Now is the Pilgrim Year presents an allegorical subject matter, namely the changing seasons and the pilgrimage of a year passed. Byam Shaw was fond of Tennyson, Shakespeare and the Rossettis, and it is likely that the title is a poetic quotation, the source of which is unclear. Shaw depicts Autumn, personified by the lady with the elaborate orange dress, leading the Year, the elderly pilgrim in the grey robe, to the boat of Time. According to Shaw's teacher, Rex Vicat Cole, the ethereal figure emerging from the shallow waters is Mist, who reaches her arm out to touch Love, the winged cupid figure. A lady huntress faces out toward the viewer, with her dog by her side; although she is a quiet figure, clothed in a relatively muted gown, she lies at the central focal point of the canvas.

The other women sitting on the bank most likely represent the fruitful and productive qualities of autumn. One holds a sickle, recalling the annual harvest. The other looks wistfully in the direction of a departing swallow, and holds the last of the roses and Michaelmas daisies (a perennial herb which blooms in autumn) upon her lap. Color plays an essential role in this painting, serving to emphasize the various qualities of each character. Shaw used pure pigments in his work, in order to achieve the most vital hues possible, working in the same vein as PRB's such as Millais and Ford Madox Brown.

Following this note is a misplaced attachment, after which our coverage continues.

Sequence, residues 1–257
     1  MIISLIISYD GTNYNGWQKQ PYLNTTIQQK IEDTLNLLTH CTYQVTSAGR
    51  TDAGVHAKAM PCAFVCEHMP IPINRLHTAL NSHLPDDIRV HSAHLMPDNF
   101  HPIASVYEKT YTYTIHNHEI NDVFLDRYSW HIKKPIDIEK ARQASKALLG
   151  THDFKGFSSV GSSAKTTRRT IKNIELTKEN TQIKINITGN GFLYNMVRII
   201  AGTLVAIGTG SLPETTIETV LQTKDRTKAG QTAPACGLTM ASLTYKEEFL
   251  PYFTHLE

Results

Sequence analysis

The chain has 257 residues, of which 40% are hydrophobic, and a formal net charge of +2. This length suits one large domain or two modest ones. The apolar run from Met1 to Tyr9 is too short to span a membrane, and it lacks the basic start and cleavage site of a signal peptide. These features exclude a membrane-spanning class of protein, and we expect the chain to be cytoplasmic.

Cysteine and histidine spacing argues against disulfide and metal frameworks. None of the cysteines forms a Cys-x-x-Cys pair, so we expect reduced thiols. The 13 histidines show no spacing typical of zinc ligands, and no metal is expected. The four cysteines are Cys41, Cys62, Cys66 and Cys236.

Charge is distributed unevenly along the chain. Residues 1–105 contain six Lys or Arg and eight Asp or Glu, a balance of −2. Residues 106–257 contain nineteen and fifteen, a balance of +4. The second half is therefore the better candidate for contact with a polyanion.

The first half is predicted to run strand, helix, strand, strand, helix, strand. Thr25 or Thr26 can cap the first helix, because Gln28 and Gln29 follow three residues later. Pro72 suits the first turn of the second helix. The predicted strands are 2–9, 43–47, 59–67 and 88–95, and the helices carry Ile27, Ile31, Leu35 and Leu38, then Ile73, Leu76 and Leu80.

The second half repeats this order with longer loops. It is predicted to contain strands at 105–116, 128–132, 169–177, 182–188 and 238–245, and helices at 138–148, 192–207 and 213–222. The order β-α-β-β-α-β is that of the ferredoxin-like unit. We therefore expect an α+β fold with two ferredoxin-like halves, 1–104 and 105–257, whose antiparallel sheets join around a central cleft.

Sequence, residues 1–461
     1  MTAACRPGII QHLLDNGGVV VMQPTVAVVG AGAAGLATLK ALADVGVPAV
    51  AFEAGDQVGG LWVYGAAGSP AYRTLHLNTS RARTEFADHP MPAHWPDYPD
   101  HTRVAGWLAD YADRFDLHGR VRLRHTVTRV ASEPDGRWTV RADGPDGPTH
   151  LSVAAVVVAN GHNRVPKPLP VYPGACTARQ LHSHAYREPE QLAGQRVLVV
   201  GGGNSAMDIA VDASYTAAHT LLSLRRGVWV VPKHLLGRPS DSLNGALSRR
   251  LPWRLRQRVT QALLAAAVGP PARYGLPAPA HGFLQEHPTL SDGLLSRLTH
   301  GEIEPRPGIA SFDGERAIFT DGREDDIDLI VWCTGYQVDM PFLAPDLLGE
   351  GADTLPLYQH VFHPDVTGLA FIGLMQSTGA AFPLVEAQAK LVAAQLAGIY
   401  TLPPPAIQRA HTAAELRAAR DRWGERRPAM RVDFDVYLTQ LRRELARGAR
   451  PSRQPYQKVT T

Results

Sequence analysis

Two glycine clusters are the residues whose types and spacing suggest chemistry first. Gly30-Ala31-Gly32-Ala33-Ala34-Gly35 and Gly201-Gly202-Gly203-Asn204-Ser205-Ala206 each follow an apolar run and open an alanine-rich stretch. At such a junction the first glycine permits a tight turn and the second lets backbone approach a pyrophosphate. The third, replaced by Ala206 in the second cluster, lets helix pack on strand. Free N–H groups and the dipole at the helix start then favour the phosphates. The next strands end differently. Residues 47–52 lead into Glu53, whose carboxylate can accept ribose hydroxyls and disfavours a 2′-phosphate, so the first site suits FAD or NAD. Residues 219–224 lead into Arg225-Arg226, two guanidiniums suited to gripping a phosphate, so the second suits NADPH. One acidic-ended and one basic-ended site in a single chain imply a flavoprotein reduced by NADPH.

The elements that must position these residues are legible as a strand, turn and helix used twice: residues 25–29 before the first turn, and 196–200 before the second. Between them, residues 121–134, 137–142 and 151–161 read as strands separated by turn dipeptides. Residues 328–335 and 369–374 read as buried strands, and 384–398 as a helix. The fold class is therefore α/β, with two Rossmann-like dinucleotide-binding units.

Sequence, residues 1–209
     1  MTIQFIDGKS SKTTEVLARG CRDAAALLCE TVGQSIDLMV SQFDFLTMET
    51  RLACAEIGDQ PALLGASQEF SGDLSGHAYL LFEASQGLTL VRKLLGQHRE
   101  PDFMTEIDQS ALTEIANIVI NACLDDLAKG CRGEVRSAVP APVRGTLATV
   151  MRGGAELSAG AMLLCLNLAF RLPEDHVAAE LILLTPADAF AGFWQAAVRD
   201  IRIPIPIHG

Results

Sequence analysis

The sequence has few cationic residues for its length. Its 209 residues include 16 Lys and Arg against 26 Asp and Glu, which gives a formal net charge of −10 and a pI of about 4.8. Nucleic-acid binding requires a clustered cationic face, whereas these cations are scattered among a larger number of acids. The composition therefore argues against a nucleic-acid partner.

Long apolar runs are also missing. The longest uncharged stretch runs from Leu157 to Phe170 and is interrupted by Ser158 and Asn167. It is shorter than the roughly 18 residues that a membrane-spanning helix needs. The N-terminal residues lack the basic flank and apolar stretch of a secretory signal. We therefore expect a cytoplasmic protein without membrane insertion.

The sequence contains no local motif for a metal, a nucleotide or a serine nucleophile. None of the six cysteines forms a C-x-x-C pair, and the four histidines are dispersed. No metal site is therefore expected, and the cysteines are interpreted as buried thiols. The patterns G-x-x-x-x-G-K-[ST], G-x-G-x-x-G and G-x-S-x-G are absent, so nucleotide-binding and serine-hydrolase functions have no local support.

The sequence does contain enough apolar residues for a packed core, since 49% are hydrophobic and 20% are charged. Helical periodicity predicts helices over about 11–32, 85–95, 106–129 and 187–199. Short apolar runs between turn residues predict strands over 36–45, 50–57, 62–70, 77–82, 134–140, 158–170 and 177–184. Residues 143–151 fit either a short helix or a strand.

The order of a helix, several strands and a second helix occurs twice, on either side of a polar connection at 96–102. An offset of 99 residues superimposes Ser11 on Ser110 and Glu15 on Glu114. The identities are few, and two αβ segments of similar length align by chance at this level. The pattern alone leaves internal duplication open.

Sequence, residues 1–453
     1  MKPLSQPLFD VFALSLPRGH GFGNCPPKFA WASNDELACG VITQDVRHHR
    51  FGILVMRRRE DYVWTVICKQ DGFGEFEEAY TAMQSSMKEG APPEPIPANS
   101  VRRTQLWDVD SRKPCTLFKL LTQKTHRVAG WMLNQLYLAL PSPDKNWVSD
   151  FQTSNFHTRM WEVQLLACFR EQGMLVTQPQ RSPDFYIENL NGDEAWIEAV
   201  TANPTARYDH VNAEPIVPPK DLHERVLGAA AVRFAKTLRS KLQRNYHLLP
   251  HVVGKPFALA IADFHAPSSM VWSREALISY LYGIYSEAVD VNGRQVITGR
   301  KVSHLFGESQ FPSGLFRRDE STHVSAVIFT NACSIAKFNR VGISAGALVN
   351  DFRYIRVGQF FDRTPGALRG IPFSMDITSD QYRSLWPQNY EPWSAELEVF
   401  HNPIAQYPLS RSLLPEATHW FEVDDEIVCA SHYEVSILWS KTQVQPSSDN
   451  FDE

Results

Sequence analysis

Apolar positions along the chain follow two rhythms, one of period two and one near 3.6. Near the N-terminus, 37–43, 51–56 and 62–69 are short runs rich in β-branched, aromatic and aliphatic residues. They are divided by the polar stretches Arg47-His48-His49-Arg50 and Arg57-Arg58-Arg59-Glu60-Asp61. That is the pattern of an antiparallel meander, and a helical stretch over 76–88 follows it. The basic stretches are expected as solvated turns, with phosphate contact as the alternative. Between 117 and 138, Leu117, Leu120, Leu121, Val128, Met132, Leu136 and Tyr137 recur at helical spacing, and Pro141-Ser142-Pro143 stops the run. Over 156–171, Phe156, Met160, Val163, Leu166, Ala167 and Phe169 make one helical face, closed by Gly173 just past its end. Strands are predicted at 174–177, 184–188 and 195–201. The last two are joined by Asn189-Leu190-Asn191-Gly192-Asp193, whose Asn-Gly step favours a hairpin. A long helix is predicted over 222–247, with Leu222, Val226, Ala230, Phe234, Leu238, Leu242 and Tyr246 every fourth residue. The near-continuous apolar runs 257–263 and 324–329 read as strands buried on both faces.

Questions

If this is an allegorical painting, should we assume that all of the figures are significant? Who or what might the other robed man represent?

Are there any references to classical mythology in this painting?

The departure of the swallow is used to foretell the coming of Winter. How have birds been used allegorically in the work of other PRB's?

It seems that Shaw has paid more attention to the figures in this painting than to the landscape. It could be that he was simply more adept at handling figures than natural settings. In an allegorical depiction of the changing seasons, should emphasis be placed on the human personifications, or on the landscape? Are they successfully and naturally wedded within this painting?

In what other PRB works has the theme of pilgrimage appeared?

Is there a sense of unity throughout the canvas? Do the highly detailed and naturalistic figures blend well with their setting? It seems to me that the bare branches in the foreground were placed intentionally so that Shaw might show his ability in the observation of nature. How might John Ruskin have felt about this painting?

Why would he include the Mist figure? Is she perhaps yet another symbol for the coming of winter?


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Last modified 30 November 2004